A new study has found that single people have richer social lives and more psychological growth than married people.
“The preoccupation with the perils of loneliness can obscure the profound benefits of solitude,” said Bella DePaulo, Ph.D., a scientist at the University of California, Santa Barbara, and a regular Psych Central blogger.
“It is time for a more accurate portrayal of single people and single life — one that recognizes the real strengths and resilience of people who are single, and what makes their lives so meaningful.”
DePaulo, who presented her research at the American Psychological Association’s 2016 Annual Convention, cited longitudinal research that shows single people value meaningful work more than married people, and another study that shows single people are also more connected to parents, siblings, friends, neighbors, and coworkers.
“When people marry, they become more insular,” she said.
However, research on single people is lacking, according to DePaulo. She said she searched for studies of people who had never married and, of the 814 studies she found, most did not actually examine single people, but used them as a comparison group to learn about married people and marriage in general.
The studies that did focus on single people revealed some telling findings, she said.
For example, research comparing people who stayed single with those who stayed married showed that single people have a heightened sense of self-determination and they are more likely to experience “a sense of continued growth and development as a person,” DePaulo said.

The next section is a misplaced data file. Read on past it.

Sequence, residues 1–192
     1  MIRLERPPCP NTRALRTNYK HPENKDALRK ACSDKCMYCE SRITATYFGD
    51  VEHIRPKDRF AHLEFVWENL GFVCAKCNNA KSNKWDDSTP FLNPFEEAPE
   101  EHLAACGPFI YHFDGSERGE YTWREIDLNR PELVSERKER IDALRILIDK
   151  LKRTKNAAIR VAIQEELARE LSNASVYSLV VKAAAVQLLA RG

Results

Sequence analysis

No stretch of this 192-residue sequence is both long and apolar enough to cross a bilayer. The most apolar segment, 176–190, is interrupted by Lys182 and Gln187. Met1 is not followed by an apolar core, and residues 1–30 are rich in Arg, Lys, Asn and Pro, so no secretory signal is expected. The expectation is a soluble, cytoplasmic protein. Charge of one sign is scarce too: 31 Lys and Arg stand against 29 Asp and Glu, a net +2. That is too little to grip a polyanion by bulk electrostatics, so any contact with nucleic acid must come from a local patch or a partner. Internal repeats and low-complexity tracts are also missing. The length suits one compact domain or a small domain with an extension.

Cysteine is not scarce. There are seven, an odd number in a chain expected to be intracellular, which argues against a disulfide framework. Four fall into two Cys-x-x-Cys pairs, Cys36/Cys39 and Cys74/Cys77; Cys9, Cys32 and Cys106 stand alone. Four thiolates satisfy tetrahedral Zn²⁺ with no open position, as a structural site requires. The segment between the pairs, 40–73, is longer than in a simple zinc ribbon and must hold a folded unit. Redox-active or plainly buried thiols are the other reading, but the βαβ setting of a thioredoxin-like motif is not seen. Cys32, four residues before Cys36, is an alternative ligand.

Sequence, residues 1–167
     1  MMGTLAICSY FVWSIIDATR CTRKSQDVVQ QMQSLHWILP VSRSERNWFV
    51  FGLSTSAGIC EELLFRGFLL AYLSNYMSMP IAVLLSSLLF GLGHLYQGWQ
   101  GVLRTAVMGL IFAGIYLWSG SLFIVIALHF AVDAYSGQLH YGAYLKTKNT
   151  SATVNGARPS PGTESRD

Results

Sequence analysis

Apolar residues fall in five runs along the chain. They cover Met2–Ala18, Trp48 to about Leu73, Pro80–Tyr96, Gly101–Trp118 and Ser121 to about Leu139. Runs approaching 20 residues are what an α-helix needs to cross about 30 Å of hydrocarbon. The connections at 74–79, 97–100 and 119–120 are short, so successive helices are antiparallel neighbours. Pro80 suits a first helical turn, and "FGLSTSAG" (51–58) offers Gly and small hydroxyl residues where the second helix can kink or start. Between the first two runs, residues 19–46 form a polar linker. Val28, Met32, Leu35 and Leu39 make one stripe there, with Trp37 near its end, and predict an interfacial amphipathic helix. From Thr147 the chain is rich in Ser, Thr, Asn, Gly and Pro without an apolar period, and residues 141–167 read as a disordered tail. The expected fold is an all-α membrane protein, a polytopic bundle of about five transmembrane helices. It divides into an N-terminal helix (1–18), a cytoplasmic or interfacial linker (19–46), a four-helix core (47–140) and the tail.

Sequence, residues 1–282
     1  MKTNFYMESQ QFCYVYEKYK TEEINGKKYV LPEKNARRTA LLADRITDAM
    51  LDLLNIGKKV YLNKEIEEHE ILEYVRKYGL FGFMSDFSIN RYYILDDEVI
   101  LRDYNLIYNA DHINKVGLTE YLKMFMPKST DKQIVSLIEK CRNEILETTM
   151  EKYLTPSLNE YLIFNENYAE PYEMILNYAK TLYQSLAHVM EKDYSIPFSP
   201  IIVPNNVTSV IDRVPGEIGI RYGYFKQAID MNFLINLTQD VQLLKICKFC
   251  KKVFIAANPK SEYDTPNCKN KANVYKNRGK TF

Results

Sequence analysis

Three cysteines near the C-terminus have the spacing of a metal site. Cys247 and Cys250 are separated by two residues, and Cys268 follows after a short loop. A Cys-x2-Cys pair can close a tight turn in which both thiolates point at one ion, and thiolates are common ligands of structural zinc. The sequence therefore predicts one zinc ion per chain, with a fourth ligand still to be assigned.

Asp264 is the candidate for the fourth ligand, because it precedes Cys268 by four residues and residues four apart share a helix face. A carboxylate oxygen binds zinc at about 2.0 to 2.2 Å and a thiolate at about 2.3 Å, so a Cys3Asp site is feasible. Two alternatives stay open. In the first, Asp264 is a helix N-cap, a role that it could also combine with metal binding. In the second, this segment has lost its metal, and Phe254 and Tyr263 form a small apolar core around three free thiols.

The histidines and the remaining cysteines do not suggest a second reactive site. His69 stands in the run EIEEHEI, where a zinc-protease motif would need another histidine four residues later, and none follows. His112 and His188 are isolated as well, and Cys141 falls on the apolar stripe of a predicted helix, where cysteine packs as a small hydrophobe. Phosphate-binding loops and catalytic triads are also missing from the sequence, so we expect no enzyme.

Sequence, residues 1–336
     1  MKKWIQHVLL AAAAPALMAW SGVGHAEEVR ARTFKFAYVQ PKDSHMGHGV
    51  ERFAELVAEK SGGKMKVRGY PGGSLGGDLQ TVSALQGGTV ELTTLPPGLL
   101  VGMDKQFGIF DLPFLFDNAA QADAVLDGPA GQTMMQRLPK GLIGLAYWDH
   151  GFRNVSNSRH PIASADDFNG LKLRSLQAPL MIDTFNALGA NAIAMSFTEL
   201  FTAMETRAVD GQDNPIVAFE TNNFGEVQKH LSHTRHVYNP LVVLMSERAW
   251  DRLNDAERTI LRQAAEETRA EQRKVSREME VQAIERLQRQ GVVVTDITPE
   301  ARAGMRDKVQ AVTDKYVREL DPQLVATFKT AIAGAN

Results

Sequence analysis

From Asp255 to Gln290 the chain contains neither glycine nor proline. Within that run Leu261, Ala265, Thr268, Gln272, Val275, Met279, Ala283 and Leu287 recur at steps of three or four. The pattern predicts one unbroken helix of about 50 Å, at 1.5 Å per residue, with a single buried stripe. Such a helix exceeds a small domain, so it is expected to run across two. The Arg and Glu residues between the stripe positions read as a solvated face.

Another study of lifelong single people showed that self-sufficiency serves them well: The more self-sufficient they were, the less likely they were to experience negative emotions. For married people, the opposite was true, according to DePaulo.
According to the Bureau of Labor Statistics, there are more unmarried people than ever before in the United States. In 2014, there were 124.6 million unmarried Americans over age 16, meaning that just over 50 percent of the nation’s adult population identified as single.
In contrast, only just over 37 percent of the population was unmarried in 1976.
Married people should be doing a lot better than single people in view of the number of laws that benefit them, DePaulo said, but in many ways, they aren’t.
“People who marry get access to more than 1,000 federal benefits and protections, many of them financial,” she said. “Considering all of the financial and cultural advantages people get just because they are married, it becomes even more striking that single people are doing as well as they are.”
Despite the advantages of staying single, DePaulo doesn’t claim one status is better than the other.
“More than ever before, Americans can pursue the ways of living that work best for them,” she said. “There is no one blueprint for the good life. What matters is not what everyone else is doing or what other people think we should be doing, but whether we can find the places, the spaces, and the people that fit who we really are and allow us to live our best lives.”
Check out Bella DePaulo’s blog on Psych Central: Single at Heart